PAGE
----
Neo-pagan Winter Solstice

I had the pleasure of attending two distinctly different Solstice celebrations this weekend, both involving food, fire and friends, one private & incorporating birthdays as well, and one very public.

I’ll review the public one, as it covers a few aspects of life dear to my heart.

There’s a fantastic group of people called the Phoenix Astronomical Society, who grew out of staff of the now-defunct Carter Observatory, where I was priviledged to work part-time a few years ago. They decided to set up a stone circle in the southern hemisphere, for the purposes of teaching star-lore to the inhabitants of Aotearoa/New Zealand, as well as visitors.

This is the now well-travelled locus of Solstice and Equinox festivals in New Zealand, and is a locus for Pagan groups (Druidic and Wiccan) from all over the North Island.
I’ve been invited many times, (including the historic Autumn Equinox of 2007, with the High Druid of Britain, Phillip Carr-Gomm, in attendance) but for one reason or another not made the trek – so this time, I thought I’d have a go.
There was a bus from Wellington, a dinner afterwards in Carterton, how hard could it be?

Having been advised to ‘rug up warm’, I layered on as much merino clothing as I could find, under my woolen dress, and got off the bus to find a damp afternoon in the Wairarapa, clouds threatening more rain; and a lot of people in cloaks of many colours under umbrellas, being watched by an even bigger crowd of sensibly dressed locals who’d come to observe the pagans. This was going to be interesting!

I joined with my hosts, members of the Grove of the Summer Stars of Wellington, and was duly offered a citronella torch to bear for the procession. Suitably equipped, I followed our leader and processed to the Henge, circling widdershins once before we entered the Henge to ‘hold’ the Southern placement during the ritual. There was an ‘order of service’, celebrants had parts scripted to play, and a flow of serious proclamations of our commitment to peace and care of the earth followed. I didn’t take as many photo’s as I thought I would, as I became caught up in the meaning of the ceremony.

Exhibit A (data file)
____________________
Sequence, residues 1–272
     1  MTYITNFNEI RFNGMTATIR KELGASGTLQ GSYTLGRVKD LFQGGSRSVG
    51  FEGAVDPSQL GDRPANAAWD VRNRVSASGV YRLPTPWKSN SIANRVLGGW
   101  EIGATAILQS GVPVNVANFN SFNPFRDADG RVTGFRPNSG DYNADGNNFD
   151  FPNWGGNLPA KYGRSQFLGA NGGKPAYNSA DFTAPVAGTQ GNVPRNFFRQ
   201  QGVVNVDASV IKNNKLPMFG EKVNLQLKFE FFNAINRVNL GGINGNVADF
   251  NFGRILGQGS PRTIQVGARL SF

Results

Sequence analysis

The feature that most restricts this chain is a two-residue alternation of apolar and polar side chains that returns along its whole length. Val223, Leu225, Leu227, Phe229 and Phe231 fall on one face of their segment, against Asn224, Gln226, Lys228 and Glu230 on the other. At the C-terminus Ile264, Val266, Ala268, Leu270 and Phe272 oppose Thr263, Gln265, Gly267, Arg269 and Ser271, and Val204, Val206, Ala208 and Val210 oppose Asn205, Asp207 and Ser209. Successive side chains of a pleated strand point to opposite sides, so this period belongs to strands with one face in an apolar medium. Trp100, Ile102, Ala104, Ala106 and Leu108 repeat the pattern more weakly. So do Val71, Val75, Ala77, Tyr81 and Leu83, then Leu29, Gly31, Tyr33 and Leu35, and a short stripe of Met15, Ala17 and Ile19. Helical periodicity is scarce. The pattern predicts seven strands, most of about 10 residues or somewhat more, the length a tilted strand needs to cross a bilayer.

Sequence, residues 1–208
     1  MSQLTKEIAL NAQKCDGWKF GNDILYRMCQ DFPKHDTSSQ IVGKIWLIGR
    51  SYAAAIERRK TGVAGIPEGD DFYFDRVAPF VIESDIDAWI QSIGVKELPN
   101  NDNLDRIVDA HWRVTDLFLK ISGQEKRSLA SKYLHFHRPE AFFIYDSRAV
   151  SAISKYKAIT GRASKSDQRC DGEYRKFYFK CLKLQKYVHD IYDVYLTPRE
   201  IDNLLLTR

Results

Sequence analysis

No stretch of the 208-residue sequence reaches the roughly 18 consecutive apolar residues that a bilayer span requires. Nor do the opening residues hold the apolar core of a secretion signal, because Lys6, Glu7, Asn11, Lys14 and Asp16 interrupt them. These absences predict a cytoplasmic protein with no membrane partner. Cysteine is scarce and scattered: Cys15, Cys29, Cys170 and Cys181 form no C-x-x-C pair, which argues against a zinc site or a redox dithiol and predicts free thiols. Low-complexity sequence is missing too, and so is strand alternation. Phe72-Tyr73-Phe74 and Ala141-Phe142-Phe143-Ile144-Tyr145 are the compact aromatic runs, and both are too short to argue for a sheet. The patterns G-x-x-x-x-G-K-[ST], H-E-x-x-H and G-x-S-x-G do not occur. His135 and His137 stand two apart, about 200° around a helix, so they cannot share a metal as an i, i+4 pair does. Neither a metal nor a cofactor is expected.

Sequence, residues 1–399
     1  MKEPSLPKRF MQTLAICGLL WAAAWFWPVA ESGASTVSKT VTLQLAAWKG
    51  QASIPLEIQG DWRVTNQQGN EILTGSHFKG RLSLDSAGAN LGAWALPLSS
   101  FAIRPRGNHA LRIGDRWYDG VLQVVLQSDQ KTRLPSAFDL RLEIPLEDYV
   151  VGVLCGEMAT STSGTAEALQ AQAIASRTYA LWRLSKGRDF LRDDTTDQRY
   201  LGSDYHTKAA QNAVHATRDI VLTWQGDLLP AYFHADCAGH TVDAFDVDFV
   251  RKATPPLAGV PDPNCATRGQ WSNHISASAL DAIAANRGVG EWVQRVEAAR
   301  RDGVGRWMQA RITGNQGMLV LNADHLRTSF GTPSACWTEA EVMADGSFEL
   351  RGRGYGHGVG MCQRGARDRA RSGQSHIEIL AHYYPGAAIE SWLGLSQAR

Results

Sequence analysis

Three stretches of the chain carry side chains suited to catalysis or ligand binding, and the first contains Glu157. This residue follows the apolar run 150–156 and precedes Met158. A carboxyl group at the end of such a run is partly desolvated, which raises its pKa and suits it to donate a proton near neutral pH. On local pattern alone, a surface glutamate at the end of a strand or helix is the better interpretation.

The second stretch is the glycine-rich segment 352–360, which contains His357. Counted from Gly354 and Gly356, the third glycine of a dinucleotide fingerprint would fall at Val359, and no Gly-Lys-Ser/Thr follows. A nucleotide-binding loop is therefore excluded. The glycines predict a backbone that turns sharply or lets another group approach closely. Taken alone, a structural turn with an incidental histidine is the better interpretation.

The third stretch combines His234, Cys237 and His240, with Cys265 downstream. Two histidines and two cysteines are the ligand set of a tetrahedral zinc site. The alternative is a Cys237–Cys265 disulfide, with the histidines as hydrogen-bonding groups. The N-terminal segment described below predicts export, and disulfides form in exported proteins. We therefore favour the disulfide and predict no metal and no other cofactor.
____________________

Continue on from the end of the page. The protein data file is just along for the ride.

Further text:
(For a better explanation than I’m fit to give, see the Woolshed, home of the Grove.)

Grove of the Summer Stars banner

Grove of the Summer Stars banner

The ceremony began around 4.30pm, and continued through the dusk to true solstice about 6pm, when despite the overcast sky and inability to actually see the sun set directly over the sunstone, there was a very eery sense of power having been raised and then released in the course of the ritual.

Closing ritual - Druids Pamela and Tom

Closing ritual - Druids Pamela and Tom

As this photo shows, it was quite dark and cold at the end!

Afterwards, we all piled back into the bus & various cars, and headed back to Carterton, where a dinner for about 200 pagans and sympathisers was held at the RSA. After-dinner entertainment came from Richard Hall, one of the Henge creators, who gave a sound presentation about the origins of modern pagan practice, assisted by Pamela from Wellington and Chris from Auckland.
This has to be the best midwinter feast I’ve ever attended, and I’ll certainly sign up for the next one.

Happy Solstice, everyone, and let’s look forward to longer days now that the longest night has passed. Maybe we’ll even see more sunshine than the fitful streaks going past my window today!
More info (and better pictures) about the Henge here.

2 thoughts on “Neo-pagan Winter Solstice

  1. As I close in on the ‘three score years and ten’ milestone, I feel a growing appreciation of the spirit of (in Western Society) pre-Christian paganism. Yes, it has strong links to superstitions, many of which invoke derision or are just plain unpalatable to modernity. But paganism’s respect for nature and its thesis that humans are very much a part of nature is a very powerful drawcard. Modern society, in its total rejection of paganism coupled with its blind allegiance to technology as being humanity’s only possible saviour, may be ‘throwing the baby out with the bathwater’.
    In our quest to confront the global environmental crisis, we need to re-examine our own relationship with nature and it is in this regard at least where a deeper understanding of paganism may provide some guidance.

  2. Thank-you for that response, Kevin.

    I have had few, but important, mentors of your generation.
    I value each and every useful principal that they have handed on to me about sustainability, care for the environment, and living in equilibrium with our planet, Earth.

    Not for me, the US pre-occupation with space exploration, so that they can find another planet to destroy after this one’s finished …

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